How we change what others think, feel, believe and do
Conscious and Competence
There are four states of consciousness and competence that you may pass through as you learn, as in the model below.
As an unconscious incompetent, you do not know what you do not know. You are lack knowledge and skills in the area in question and are unaware of this lack.
In this state, where you can exist for a very long time, you are not as competent as one or more of:
In this state, you may be in one of two positions. Ignorance is bliss, as they say, and you may well be happily naive, not realizing that you are not competent.
You also may be in a faking state, where you believe you are competent, and either do not realize that you are in this state or are covering up your incompetence (in which state you may be in the next stage).
As a conscious incompetent, you realize that you are not as expert as perhaps you thought you were or thought you could be.
The transition to this state from being unconsciously incompetent can be a shocking and sudden realization, for example when you meet others who are clearly more competent than you, or when a friend holds up a metaphorical mirror to your real ability.
You can also exist in this state for a long time, depending on factors such as your determination to learn and the real extent to which you accept your incompetence.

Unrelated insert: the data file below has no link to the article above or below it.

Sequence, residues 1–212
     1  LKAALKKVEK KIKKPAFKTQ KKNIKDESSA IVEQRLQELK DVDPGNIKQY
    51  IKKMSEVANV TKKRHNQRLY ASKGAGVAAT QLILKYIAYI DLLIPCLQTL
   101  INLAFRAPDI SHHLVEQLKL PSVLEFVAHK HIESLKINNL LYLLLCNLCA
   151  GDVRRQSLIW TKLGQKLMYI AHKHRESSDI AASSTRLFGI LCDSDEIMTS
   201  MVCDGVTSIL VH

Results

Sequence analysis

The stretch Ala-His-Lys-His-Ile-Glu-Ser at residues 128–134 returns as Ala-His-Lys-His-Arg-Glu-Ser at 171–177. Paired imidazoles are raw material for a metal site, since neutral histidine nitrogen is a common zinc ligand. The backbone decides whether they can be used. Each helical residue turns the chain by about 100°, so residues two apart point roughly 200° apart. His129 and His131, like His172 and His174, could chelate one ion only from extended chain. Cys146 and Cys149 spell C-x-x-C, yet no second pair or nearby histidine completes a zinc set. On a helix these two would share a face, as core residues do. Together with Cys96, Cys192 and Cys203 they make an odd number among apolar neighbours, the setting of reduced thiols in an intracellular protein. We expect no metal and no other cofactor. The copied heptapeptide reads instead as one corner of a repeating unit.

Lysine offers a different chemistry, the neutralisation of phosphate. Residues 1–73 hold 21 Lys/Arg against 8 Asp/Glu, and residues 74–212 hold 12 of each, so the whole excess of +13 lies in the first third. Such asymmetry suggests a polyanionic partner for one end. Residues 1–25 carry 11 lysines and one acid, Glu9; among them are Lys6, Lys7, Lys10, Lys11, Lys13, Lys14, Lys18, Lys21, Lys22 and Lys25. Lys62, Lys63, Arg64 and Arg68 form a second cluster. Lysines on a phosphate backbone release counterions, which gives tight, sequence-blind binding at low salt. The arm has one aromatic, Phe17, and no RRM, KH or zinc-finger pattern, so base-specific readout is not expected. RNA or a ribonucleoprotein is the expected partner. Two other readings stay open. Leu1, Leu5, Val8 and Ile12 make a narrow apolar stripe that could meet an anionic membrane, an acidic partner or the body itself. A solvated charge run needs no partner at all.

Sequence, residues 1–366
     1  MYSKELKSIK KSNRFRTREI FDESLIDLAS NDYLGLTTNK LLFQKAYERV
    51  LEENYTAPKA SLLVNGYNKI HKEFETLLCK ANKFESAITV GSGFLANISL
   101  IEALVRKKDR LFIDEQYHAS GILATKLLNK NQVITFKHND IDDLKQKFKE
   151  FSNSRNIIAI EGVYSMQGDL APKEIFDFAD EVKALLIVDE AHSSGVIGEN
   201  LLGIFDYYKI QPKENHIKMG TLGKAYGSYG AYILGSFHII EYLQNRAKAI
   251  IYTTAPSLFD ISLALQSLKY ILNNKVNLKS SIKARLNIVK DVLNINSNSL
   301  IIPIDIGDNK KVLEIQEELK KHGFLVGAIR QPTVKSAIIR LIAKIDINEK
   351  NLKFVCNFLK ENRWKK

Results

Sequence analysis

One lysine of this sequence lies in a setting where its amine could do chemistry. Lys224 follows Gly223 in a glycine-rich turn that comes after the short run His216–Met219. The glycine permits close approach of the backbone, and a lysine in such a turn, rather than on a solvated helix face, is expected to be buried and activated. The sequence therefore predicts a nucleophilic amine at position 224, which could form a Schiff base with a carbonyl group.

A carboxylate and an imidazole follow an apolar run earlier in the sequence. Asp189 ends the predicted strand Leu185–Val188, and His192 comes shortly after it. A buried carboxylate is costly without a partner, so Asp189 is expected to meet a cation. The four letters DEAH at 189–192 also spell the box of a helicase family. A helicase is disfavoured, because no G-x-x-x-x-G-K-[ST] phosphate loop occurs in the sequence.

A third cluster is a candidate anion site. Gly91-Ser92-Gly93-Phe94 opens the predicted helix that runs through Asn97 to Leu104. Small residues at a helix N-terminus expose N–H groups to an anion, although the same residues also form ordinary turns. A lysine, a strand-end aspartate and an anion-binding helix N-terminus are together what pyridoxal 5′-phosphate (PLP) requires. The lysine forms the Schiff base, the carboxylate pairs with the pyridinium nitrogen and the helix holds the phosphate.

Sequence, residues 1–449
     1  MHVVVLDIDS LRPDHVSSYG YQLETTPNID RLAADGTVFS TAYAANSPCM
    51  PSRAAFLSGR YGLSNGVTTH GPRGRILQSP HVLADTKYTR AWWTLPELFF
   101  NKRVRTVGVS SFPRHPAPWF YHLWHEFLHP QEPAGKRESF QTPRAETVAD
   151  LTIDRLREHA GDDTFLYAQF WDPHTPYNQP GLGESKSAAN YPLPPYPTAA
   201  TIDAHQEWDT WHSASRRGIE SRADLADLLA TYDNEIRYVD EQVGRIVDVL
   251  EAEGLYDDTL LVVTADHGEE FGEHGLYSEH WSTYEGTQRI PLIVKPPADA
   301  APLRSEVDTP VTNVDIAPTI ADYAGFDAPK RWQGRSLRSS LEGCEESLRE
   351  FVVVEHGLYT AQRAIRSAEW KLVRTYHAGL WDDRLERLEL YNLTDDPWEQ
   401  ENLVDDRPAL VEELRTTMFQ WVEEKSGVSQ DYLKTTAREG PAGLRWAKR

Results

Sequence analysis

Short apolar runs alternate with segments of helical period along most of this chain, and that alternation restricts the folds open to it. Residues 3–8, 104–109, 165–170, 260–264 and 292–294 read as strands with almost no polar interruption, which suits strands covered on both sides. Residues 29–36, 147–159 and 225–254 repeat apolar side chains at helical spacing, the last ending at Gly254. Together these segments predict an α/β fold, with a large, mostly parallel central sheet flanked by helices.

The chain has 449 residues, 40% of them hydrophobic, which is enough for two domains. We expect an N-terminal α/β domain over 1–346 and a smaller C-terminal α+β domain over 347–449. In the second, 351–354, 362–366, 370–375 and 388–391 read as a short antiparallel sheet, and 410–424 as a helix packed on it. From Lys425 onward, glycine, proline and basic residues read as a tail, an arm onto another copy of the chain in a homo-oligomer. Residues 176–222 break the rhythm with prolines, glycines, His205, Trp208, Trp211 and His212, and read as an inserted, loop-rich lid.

Becoming consciously competent often takes a while, as you steadily learn about the new area, either through experience or more formal learning. This process can go in fits and starts as you learn, forget, plateau and start anew.
The more complex the new area and the less talent you have for it, the longer this will take. The good news is that many people have achieved remarkable feats of learning through sheer persistence.
Eventually you reach a point where you no longer have to think about what you are doing, and are competent without the significant effort that characterizes the state of conscious competence.
Learning tacit skills such as carpentry takes time to become naturally competent. A master carpenter can thus saw at a right angle and plane flat without knowing particularly how they do it. All they know is that it feels right when they do.
Howell (1982) describes the four stages succinctly thus:
"Unconscious incompetence - this is the stage where you
are not even aware that you do not have a particular competence. Conscious
incompetence - this is when you know that you want to learn how to do
something but you are incompetent at doing it. Conscious competence -
this is when you can achieve this particular task but you are very conscious
about everything you do. Unconscious competence - this is when you
finally master it and you do not even think about what you have such as when you
have learned to ride a bike very successfully"
So if you want someone to learn and they are shying away, hold up a mirror and help them to first become a conscious incompetent. Then guide them through the subsequent stages.
Howell, W.S. (1982). The empathic communicator. University of Minnesota: Wadsworth Publishing Company